ST. LOUIS (CN) – Missouri Attorney General Chris Koster objects to US Fidelis’ bankruptcy settlement proposal. Koster says the settlement would allow company owners Darain and Corey Atkinson and their wives to keep too much money, and be inappropriately protected from civil litigation.
Other objections from US Fidelis customers have also been filed.
The settlement would require the Atkinsons to give $10.5 million to US Fidelis and surrender at least $10 million more in assets.
The brothers’ wives would keep $500,000 each, along with some cars, jewelry, clothes and household items; another $250,000 would remain in the educational plan for Corey Atkinson’s three children.
“Nowhere aggregated in the settlement motion is this fact: the defendants walk away from this deal with $1,525,000.00 in cash, accounts, and hard assets,” the “State of Missouri’s Objection to Settlements” states.
“Not included in that amount are rent-free living for one of the defendant’s relatives and retainers for personal criminal representation that the debtor paid for each of the brothers. The debtor’s schedules suggest that the full amount of these retainers was at least $1 million, meaning the total value going to the defendants likely exceeds $2.5 million. While completing litigation and collecting in this matter would not be without cost, the State of Missouri doubts that said costs would exceed $2.5 million.”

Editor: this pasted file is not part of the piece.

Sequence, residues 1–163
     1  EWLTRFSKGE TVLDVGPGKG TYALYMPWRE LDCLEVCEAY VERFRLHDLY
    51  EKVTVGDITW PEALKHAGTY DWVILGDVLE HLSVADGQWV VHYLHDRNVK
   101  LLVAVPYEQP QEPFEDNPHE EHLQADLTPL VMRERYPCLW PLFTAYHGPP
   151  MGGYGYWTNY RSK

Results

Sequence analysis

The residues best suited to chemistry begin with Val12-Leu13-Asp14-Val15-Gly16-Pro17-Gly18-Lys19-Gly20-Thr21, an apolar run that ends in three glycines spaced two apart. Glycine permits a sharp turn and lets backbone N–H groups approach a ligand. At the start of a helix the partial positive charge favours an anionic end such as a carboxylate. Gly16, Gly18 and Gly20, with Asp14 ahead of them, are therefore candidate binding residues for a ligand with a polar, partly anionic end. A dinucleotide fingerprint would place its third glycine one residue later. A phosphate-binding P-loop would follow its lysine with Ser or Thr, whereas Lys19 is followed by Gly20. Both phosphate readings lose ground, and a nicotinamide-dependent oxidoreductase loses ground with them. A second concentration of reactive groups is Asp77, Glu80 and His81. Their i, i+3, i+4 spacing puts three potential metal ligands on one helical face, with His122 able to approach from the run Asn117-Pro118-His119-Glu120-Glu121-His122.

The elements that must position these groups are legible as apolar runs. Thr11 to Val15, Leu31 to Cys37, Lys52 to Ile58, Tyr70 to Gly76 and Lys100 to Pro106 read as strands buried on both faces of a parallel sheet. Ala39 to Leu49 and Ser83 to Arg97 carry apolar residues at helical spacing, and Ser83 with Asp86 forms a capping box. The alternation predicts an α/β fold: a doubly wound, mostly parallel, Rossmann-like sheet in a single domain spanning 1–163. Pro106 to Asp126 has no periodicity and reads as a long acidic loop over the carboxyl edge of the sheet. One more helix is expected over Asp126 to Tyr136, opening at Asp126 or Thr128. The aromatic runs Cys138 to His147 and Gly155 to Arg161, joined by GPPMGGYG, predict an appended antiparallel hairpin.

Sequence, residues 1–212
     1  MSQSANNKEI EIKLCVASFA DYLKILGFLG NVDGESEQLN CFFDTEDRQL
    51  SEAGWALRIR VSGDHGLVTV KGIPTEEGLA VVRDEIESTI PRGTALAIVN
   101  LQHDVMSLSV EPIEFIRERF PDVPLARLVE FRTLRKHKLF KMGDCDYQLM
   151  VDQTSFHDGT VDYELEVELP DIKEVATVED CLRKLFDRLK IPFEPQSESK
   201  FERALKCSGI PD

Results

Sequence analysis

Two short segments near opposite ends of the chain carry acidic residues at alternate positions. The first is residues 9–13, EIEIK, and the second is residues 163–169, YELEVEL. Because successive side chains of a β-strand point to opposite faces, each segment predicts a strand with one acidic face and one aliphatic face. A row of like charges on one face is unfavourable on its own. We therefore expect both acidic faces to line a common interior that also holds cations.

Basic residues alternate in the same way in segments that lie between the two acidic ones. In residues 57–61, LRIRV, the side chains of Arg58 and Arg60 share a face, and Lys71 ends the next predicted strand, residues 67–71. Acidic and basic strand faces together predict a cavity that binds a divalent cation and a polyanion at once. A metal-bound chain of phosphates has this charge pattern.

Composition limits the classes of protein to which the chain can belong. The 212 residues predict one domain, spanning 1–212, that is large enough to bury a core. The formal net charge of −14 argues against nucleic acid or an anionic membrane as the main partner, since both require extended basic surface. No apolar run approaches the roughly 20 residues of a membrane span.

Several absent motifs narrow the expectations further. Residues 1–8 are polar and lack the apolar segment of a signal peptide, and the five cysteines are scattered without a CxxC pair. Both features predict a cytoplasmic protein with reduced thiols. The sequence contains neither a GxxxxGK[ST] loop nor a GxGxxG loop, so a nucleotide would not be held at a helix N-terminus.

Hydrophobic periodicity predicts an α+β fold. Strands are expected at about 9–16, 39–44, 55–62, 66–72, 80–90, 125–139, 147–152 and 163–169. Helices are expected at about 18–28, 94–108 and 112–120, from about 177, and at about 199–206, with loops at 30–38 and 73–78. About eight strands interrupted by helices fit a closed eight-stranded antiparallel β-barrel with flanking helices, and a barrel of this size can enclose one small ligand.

The money would go to pay creditors, who would have to agree not to sue the brothers or their wives in exchange for the money. Koster says such immunity should not be offered.
In exchange, US Fidelis would drop its claim that the Atkinsons took at least $101 million from the company, at the expense of creditors.
US Fidelis was once the nation’s No. 1 seller of extended warranties for vehicle.
“One problem with this arrangement is that the defendants unjustifiably receive, in effect, $20+ million worth of leverage that they can use to convince their creditors to grant them releases from various personal liabilities,” Koster wrote.
“Another problem is that it leads to inequities as between creditors. Those creditors who only have claims against the debtor will lose nothing by granting the defendants a release, but those creditors who happen to have claims against both the debtor and the defendants will likely have to choose between releasing non-debtor third parties from otherwise perfectly valid obligations or receiving nothing.”
U.S. Bankruptcy Judge Charles Rendlen III is considering the proposed settlement.